Did you know that nearly 90% of diabetic patients never see an endocrinologist? Or that nearly 500 babies are delivered to Michigan Medicine each year by physicians other than obstetricians?
Indeed, most of these patients are seen and treated by faculty members of the Department of Family Medicine, a one-stop shop for health services throughout the lifespan, from birth to death.
In honor of National Primary Care Week, here’s a look at one of the departments providing primary care in Michigan Medicine – and why the team is so important.
Eyes on the mission
When most people think of family medicine, they often think of the clinical aspect of the department’s work. But that’s far from everything this team offers.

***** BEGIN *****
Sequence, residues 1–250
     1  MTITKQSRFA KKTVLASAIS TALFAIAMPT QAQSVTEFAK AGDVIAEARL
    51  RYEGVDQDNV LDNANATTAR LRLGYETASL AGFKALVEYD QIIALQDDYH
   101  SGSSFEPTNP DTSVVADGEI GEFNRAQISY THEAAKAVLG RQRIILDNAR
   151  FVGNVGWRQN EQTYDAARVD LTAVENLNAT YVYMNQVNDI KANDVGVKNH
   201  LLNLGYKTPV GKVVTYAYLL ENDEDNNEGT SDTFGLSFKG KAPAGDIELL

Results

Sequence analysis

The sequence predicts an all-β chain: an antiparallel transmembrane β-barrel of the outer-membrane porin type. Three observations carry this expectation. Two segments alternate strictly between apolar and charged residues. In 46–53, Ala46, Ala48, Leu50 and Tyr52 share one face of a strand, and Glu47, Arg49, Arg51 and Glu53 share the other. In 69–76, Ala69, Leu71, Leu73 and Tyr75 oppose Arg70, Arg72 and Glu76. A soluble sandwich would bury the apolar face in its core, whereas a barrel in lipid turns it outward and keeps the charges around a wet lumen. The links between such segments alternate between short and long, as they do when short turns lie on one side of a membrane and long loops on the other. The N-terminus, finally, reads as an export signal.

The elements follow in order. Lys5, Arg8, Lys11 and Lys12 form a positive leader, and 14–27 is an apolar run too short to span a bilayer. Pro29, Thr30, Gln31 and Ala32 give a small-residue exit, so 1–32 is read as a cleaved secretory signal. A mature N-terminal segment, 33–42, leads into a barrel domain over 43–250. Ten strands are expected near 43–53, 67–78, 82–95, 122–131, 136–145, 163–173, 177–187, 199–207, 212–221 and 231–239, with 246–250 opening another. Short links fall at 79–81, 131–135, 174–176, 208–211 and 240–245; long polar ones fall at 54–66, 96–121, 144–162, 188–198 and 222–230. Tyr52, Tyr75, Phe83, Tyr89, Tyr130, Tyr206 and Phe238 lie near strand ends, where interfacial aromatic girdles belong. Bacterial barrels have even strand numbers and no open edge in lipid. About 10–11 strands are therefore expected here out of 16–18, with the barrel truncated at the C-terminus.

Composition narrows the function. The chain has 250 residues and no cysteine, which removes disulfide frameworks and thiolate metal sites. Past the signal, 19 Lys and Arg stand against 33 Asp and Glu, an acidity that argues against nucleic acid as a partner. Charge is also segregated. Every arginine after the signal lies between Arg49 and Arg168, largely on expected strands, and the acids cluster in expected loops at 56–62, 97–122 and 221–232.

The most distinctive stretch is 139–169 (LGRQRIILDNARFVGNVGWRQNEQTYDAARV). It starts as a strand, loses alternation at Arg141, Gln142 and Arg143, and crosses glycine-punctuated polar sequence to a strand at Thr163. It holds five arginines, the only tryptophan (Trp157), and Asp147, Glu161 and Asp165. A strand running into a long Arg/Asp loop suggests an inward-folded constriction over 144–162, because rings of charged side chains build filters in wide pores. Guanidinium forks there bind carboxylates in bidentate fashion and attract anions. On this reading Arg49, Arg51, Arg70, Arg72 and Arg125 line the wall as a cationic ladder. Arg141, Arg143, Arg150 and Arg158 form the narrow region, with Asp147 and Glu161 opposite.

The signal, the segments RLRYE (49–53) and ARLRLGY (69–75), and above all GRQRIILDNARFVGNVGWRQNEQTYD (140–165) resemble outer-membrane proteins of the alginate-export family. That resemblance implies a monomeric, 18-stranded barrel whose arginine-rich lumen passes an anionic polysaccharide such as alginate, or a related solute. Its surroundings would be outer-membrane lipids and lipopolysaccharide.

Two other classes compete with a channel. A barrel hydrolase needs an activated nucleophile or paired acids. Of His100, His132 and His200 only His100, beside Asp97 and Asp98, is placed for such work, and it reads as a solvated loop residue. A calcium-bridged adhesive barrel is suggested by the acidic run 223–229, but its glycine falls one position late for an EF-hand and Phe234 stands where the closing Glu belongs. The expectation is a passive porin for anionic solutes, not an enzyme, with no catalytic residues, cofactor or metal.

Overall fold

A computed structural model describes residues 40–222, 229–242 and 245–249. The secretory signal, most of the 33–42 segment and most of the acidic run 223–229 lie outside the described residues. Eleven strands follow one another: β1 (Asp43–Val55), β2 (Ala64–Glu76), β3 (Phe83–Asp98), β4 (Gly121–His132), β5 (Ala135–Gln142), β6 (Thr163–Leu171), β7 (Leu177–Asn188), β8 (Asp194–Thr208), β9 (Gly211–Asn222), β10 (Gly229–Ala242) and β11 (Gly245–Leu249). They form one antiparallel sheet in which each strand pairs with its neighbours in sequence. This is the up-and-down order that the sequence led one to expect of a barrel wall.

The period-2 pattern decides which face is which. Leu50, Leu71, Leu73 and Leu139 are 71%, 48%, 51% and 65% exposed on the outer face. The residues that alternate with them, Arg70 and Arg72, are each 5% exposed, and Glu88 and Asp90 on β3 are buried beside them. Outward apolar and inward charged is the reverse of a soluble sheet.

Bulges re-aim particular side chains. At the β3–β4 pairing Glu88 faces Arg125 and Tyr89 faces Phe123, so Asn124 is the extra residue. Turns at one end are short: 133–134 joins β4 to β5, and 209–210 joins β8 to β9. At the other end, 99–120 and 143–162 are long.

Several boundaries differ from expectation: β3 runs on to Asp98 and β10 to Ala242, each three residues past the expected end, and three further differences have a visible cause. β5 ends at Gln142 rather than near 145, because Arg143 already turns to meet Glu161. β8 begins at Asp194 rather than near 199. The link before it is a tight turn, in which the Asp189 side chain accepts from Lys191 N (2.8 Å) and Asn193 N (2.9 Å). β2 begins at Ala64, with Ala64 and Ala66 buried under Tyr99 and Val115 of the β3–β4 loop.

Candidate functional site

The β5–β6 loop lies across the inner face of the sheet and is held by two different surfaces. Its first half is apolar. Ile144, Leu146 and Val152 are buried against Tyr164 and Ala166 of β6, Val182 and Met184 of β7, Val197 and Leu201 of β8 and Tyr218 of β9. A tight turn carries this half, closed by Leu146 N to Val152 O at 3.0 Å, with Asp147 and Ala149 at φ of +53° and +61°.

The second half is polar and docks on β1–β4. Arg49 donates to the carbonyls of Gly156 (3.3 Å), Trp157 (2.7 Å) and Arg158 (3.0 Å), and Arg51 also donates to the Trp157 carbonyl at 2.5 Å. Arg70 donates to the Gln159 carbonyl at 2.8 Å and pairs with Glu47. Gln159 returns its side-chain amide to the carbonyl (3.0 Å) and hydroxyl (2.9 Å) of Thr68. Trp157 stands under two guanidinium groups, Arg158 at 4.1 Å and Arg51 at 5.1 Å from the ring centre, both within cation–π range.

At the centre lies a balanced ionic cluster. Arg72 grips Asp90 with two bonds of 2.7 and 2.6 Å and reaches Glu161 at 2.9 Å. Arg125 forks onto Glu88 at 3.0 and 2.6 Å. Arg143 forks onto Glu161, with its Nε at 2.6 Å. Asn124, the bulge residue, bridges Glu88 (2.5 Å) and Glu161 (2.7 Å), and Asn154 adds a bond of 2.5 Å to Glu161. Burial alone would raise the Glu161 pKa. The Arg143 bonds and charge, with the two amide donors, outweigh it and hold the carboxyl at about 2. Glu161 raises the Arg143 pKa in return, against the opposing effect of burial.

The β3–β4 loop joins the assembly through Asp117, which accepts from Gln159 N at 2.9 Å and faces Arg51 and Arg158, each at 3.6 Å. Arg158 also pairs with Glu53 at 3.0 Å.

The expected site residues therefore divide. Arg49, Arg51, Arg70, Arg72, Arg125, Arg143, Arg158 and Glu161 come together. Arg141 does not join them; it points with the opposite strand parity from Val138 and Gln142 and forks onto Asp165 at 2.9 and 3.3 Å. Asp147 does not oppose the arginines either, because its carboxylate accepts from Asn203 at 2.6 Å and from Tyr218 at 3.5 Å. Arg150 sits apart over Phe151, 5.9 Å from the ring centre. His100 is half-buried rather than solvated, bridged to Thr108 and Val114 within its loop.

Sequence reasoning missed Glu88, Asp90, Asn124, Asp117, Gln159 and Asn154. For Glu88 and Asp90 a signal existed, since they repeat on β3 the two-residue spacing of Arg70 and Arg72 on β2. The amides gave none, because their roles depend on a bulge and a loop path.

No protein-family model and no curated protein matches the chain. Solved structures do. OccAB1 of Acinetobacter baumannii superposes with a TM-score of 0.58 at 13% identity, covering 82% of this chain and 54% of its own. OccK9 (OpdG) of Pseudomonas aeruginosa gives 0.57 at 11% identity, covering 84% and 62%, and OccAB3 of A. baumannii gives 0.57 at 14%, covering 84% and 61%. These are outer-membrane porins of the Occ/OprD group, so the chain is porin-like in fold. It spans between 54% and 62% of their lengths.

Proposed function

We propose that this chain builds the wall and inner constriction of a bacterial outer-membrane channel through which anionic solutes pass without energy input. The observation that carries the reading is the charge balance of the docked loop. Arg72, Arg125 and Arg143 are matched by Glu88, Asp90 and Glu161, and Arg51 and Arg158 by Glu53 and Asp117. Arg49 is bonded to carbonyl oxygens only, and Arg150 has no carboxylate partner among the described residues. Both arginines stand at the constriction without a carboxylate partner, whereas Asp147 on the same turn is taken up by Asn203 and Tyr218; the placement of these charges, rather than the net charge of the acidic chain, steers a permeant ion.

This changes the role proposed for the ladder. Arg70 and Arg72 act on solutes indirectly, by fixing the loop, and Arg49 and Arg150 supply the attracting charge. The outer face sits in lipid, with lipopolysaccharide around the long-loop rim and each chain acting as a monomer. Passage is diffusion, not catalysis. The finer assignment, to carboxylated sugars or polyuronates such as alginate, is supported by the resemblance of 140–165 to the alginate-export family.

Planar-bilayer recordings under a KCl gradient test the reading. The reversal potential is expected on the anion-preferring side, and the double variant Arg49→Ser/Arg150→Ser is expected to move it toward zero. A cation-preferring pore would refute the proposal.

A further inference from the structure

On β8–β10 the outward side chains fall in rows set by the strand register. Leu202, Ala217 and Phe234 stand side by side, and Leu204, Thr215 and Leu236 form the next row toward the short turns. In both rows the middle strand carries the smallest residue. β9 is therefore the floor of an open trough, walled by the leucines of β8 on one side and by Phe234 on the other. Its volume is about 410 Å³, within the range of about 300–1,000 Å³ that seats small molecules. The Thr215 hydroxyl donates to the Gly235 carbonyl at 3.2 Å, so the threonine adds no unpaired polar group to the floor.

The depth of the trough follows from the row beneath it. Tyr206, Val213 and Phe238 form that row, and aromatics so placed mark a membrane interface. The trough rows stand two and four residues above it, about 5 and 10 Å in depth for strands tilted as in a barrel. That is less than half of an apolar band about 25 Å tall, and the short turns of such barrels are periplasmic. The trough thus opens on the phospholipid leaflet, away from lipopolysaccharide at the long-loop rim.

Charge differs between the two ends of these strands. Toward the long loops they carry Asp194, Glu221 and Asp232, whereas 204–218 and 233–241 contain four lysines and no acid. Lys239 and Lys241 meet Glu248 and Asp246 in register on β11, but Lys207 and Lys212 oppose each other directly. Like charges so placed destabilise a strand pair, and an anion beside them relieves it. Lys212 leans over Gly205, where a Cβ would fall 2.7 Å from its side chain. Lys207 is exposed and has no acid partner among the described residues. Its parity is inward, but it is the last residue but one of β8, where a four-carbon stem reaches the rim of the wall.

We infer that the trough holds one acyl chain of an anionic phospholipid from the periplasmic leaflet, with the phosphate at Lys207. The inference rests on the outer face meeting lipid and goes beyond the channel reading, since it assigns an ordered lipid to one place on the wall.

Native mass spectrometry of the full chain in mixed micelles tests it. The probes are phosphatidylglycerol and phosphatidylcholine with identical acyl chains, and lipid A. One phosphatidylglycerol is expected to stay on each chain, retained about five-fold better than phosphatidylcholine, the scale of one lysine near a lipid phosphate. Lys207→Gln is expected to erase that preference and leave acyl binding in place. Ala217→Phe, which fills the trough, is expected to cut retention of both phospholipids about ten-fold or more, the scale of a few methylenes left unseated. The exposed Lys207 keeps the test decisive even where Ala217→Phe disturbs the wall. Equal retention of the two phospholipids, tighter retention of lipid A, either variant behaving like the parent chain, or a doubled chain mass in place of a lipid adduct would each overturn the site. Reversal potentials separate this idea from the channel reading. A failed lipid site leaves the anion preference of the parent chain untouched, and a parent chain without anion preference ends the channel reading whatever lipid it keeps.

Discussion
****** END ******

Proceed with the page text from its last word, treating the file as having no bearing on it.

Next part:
“Our department covers all aspects of the organization’s mission, from patient care to education and research,” said Phillip Zazove, MD, George A. Dean, MD, president of family medicine. “And I am proud of the work we do and the collaborations we have forged with specialists from all areas of Michigan medicine.”
The department is large – with over 100 professors and countless support staff – and has members who help patients in hospitals, outpatient clinics, and community clinics; work as fellows or residents; carry out continuing education courses; or participate in innovative research.
A central point of contact
As mentioned earlier, clinical care is the most visible aspect of family medicine. But what type of care does this team provide exactly?
“We try to care for patients throughout their lives, from cradle to grave,” said David Serlin, MD, who heads outpatient operations for the department. “This means we serve as a central point of contact with patients to meet all of their healthcare needs. “